If there’s a planet around a nearby star, physics Prof. Supriya Chakrabarti wants to take a picture of it.
Chakrabarti, who is director of the university’s Lowell Center for Space Science and Technology (LoCSST), is involved with several high-profile research projects aimed at exploring the frontiers of space – and finding out if there are other Earth-like planets out there that could support life. He leads a team of researchers, engineers and students in conducting studies of the Earth, stars, the Milky Way galaxy and the cosmos, and has successfully launched more than 20 space experiments aboard sounding rockets.
“My work gives me the opportunity to work with really smart people and together solve real, hard problems,” he says. “I can’t hit a baseball like Big Papi or throw a football like Tom Brady so I’ve devoted my life to the study of space.”
Chakrabarti can’t tell for sure when he first became interested in astronomy and space exploration.
“It is possible that something must have happened when my father showed me a small spot of light moving in the sky – Sputnik 1 – in 1957,” he recalls. “I also watched the first moon landing in 1969 on a TV through a large office window in the U.S. Information Service in Kolkata, India, and that left an awe-inspiring impression on me.”
Chakrabarti is a member of Project Blue, a consortium of non-governmental, non-profit space and research institutions that aims to design, build and launch by 2020 a small, lightweight, privately funded space telescope to detect habitable planets around our nearest stellar neighbor called Alpha Centauri.
“If successful, this would be our very first view of another world like our own,” he says. “And it would change forever our understanding of our place in the universe.”
NASA recently awarded Chakrabarti’s team a $5.6 million grant to develop and test an instrument system, called PICTURE C, which could potentially detect young, Jupiter-size planets orbiting other stars in the Milky Way. PICTURE C is scheduled to be carried aloft to the edge of Earth’s atmosphere in 2018, using huge helium balloons.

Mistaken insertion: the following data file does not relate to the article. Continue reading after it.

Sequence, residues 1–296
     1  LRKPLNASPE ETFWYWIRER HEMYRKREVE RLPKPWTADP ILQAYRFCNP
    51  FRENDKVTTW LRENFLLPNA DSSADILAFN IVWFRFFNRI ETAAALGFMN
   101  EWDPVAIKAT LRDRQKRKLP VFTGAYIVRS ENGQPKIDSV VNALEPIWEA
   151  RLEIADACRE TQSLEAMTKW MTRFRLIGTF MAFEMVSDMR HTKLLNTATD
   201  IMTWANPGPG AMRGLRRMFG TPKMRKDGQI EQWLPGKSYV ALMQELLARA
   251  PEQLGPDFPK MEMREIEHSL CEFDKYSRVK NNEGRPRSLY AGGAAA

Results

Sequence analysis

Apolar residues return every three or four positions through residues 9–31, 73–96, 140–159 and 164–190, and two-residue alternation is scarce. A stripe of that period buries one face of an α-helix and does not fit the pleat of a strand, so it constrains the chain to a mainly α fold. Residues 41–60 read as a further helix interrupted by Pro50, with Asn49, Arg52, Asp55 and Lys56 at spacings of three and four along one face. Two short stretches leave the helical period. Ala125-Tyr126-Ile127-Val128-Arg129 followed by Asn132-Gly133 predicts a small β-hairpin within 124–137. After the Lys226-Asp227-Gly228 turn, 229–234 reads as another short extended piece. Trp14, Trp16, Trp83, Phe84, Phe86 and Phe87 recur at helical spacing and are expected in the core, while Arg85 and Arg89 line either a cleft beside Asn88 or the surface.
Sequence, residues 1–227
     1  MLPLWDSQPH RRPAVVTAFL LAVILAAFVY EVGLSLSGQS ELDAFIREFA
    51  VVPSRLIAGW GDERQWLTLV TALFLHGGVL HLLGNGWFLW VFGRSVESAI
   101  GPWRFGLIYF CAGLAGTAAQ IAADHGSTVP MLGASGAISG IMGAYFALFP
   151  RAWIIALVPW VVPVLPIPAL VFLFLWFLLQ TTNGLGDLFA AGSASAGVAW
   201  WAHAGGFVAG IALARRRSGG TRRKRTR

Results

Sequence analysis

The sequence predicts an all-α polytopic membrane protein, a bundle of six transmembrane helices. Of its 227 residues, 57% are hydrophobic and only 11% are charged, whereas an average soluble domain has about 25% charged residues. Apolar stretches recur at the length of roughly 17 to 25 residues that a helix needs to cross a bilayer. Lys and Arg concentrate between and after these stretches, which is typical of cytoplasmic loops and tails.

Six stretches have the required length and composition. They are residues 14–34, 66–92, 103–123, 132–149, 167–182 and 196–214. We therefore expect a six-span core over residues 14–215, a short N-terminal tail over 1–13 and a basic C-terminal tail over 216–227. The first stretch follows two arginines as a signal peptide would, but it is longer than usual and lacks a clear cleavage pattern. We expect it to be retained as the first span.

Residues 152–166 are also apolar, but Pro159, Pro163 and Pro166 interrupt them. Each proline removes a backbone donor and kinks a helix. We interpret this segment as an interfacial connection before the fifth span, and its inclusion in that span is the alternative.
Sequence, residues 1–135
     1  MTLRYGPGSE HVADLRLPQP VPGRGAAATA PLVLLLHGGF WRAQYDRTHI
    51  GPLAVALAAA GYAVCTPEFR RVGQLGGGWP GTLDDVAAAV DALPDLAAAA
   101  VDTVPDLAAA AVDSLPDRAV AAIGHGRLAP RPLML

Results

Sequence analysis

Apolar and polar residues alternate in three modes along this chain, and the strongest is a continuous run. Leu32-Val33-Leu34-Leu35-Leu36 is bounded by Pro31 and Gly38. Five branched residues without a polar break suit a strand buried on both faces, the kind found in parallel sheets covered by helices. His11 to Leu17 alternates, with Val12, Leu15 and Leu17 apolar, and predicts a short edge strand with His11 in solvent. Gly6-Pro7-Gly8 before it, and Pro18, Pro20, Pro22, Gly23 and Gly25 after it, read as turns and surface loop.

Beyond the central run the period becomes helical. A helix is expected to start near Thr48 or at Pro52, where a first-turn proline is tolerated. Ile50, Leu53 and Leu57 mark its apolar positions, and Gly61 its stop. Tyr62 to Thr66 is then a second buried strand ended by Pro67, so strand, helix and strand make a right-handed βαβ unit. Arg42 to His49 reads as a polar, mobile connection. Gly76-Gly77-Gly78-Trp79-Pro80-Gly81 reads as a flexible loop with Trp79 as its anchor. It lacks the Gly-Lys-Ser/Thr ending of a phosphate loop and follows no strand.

“Our ultimate goal is to discover Earth-like planets around sun-like stars capable of supporting life,” explains Chakrabarti.
Chakrabarti is also the principal investigator for UMass Lowell for LITES, the Limb-imaging Ionospheric and Thermospheric Extreme-ultraviolet Spectrograph. The instrument was built in the LoCSST lab to observe ultraviolet light in Earth’s upper atmosphere from orbit. LITES was launched in February and is now mounted outside the International Space Station, where it is gathering data while orbiting the Earth.
Chakrabarti mentors more than 50 undergraduate students from the Kennedy College of Sciences and the Francis College of Engineering for the SPACE HAUC project. The team’s goal is to design and build a small cube satellite that will be launched by NASA into orbit in 2018. The space agency has awarded the team $200,000 to develop and test a prototype satellite, called SPACE HAUC-1, which is designed to demonstrate the practicality of communicating at high data rates in the X band.
“SPACE HAUC-1 will be UMass Lowell’s first mission to actually go around the Earth. And it will do so many, many times during its lifetime, which could last a year or more,” says Chakrabarti.
Chakrabarti joined the UMass Lowell physics faculty in 2012. He received his Ph.D. from the University of California, Berkeley, in 1982.